Controlling cyanobacterial harmful blooms in freshwater ecosystems.Microb Biotechnol. 2017 09; 10(5):1106-1110.MB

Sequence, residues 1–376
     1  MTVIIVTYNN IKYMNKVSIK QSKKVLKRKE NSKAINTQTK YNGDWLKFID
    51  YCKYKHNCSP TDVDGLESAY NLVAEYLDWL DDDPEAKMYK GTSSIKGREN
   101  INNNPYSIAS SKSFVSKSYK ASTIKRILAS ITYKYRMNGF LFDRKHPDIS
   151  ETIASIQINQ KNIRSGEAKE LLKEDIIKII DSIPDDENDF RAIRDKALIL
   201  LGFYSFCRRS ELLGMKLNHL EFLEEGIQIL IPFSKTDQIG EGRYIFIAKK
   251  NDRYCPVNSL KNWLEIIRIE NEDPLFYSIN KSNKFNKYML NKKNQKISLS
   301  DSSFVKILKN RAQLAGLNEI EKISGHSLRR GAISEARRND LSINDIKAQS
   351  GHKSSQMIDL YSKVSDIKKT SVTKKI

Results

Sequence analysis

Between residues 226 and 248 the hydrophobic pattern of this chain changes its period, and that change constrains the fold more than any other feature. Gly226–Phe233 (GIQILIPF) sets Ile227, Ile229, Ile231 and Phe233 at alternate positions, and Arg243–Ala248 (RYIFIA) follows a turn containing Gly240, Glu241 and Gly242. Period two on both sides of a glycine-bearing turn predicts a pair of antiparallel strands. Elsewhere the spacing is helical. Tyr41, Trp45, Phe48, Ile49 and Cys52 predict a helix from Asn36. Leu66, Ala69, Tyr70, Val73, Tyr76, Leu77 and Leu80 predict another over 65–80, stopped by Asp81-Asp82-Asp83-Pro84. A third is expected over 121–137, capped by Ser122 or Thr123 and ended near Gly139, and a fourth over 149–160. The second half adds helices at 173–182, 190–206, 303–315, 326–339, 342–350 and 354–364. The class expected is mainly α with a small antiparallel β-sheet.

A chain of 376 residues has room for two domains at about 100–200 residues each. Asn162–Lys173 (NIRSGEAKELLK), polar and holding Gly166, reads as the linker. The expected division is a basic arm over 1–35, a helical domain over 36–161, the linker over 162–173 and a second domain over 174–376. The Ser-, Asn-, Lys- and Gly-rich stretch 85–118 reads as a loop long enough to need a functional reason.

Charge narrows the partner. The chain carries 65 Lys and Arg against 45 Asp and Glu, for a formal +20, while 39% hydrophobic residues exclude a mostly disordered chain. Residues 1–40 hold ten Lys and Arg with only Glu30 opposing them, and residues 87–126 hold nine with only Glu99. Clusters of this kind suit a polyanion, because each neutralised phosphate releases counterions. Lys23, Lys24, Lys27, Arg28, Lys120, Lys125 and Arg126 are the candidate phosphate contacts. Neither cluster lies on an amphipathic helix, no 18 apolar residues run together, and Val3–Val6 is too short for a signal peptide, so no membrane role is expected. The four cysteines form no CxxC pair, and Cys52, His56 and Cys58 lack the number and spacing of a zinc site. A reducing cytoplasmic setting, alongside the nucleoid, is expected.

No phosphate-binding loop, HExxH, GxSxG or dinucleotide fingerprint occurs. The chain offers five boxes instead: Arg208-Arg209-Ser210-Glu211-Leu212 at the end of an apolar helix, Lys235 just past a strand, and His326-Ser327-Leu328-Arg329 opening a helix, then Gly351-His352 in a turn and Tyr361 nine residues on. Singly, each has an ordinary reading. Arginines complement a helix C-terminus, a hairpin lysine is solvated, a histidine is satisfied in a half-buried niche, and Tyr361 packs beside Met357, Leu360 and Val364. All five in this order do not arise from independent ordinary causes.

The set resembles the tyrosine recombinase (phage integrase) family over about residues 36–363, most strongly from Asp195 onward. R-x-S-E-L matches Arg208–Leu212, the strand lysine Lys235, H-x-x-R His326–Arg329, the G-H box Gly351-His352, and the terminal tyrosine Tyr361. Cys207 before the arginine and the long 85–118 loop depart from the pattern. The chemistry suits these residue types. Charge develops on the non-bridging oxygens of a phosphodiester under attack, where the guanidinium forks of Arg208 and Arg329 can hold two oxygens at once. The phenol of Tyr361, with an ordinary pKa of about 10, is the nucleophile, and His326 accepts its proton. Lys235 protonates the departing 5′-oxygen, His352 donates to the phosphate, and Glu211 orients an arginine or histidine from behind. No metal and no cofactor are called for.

Cyanobacteria's long evolutionary history has enabled them to adapt to geochemical and climatic changes, and more recent human and climatic modifications of aquatic ecosystems, including nutrient over-enrichment, hydrologic modifications, and global warming. Harmful (toxic, hypoxia-generating, food web altering) cyanobacterial bloom (CyanoHAB) genera are controlled by the synergistic effects of nutrient (nitrogen and phosphorus) supplies, light, temperature, water residence/flushing times, and biotic interactions. Accordingly, mitigation strategies are focused on manipulating these dynamic factors. Strategies based on physical, chemical (algaecide) and biological manipulations can be effective in reducing CyanoHABs. However, these strategies should invariably be accompanied by nutrient (both nitrogen and phosphorus in most cases) input reductions to ensure long-term success and sustainability. While the applicability and feasibility of various controls and management approaches is focused on freshwater ecosystems, they will also be applicable to estuarine and coastal ecosystems. In order to ensure long-term control of CyanoHABs, these strategies should be adaptive to climatic variability and change, because nutrient-CyanoHAB thresholds will likely be altered in a climatically more-extreme world.